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  • Ryan G says:

    Regarding the rewards points for cash vs travel, I also have a Chase Sapphire card. I found that booking travel through the Chase Rewards portal comes at a premium price vs what you can book on-line. I found that the premium was large enough to offset the additional value of the reward points vs using them for cash. So, I just take the cash back each month. This being said, I didn’t really explore the ability to transfer points to an airline miles program. That might be more lucrative.

    The Sapphire card is a nice card if you make good use of the perks. I’m living abroad, and having a card that with no foreign transaction fees is hugely important. Capital One cards have the same feature (I have one of these as my backup card).

    • David @ says:

      I hear that transferring the points is where the real benefit of the Sapphire card is at, so you might want to look into that soon. And what do you think of the new Reserve card? I heard they ran out of the material used for the card itself and had to issue temporary plastic ones. Crazy!

      • Ryan G says:

        I hadn’t heard about the Reserve card, but just looked it up. The $450 annual fee is… hefty to say the least. However, you get $300 of that back each year in statement credits for travel. Plus you get Global Entry / Pre-Check reimbursement for $100 every 4 years. 3x points on travel and dining, plus a 50% bonus for using points to pay for travel through the chase booking tool (may not be worth it). Plus you get lounge access at the airport.

        This would be good for someone who does a lot of domestic or international travel on their own dime. The annual fee is tough, but the perks could be worth it.

        • David @ says:

          Thanks for the summary. It sounds like it’s a good card if you can get $300 reimbursed since $450 would be a steep price to pay.

          • Ryan G says:

            If you do at least $300 of travel per year and you do Global Entry, which costs $100 every 4 years, then the card really only costs $125/year. If you only used the card for travel and dining, you’d need to spend $4200 a year on those purchases (on top of the $300 of travel) to break even if you take your rewards as cash back. That sounds like a lot, but it is only $350/month.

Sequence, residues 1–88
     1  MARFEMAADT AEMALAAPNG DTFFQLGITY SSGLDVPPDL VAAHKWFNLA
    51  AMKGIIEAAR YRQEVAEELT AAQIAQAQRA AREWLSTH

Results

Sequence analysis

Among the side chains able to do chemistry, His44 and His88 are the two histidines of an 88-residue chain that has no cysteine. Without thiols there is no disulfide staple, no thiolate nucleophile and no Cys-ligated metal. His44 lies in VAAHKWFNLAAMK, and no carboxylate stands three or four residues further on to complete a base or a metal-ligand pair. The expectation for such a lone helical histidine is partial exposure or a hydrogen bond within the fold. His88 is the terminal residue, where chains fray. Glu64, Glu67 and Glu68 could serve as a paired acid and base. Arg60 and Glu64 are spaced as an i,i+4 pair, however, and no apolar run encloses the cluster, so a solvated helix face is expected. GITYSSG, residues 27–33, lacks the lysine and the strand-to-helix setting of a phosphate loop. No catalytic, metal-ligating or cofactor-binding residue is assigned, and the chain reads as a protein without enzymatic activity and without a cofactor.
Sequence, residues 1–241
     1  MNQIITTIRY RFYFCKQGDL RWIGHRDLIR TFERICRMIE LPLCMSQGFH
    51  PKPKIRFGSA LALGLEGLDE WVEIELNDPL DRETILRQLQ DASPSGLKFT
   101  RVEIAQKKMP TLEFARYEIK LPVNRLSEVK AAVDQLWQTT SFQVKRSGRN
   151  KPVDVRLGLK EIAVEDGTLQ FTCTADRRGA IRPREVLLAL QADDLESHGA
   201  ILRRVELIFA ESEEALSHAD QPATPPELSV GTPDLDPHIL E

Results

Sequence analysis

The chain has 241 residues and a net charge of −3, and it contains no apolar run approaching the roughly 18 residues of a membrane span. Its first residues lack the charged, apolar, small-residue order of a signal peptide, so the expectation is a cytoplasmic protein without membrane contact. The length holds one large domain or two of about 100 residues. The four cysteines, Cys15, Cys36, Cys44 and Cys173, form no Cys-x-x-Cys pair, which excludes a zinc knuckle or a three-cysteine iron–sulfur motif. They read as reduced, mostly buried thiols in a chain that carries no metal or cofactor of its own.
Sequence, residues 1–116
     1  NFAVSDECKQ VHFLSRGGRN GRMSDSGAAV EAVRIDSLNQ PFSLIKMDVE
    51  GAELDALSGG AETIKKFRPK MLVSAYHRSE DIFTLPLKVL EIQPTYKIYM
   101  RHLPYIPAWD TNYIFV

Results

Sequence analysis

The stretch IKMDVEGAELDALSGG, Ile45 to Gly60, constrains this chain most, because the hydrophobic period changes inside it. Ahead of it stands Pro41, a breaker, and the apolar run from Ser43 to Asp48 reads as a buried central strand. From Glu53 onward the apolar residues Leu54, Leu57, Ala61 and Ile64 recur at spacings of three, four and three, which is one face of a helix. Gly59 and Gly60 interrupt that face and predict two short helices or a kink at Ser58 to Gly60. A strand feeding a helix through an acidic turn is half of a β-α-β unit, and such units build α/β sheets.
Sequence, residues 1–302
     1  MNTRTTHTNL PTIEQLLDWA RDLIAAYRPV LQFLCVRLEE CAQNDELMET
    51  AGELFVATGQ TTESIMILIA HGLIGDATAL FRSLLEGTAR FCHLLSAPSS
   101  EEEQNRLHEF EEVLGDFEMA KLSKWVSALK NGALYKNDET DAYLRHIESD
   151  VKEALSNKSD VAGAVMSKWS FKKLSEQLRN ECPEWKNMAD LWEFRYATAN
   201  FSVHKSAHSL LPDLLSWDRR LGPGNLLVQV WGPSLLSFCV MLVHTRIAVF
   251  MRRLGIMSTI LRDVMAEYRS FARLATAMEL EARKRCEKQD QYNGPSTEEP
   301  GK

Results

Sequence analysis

For someone who travels for recreation or on personal business, I think the perks of this card would be great.

          • David @ says:

            I think it’s more than $4,200 since most free cards already give you 2% back. If you think about it hat way, then it’s $12,500 in travels and dining. It’s definitely a pretty big sum.

  • Dave says:

    Wow Ashley these are great tips. I actually just wrote a post on DIY credit care, and from experience Ive found it amazing that people aren’t aware of the repercussions of exceeding the “preferred” credit utilization percentage. We make sure to spend no more than 30% with our cards. Your idea on asking to downgrade your credit card is genius though, its Sunday morning now…I will literally be calling my bank to see if this is possible on Monday morning.

    • Ashley Eneriz says:

      I would love to know if it works for you. I was able to do it recently, but I also had a zero balance on the card. Not sure if that makes a difference 🙂 but hoping it goes smoothly for you.

  • Jonathan Dyer says:

    Great tip re: downgrading your annual fee card. Honestly part of the reason I’ve avoided such a card in the past was a fear of having to close it if it no longer suited me. Thanks for the heads up!

    • David @ says:

      Don’t be too afraid of closing one card. Assuming you have a lengthy history with a few other cards, closing one account won’t be a huge deal.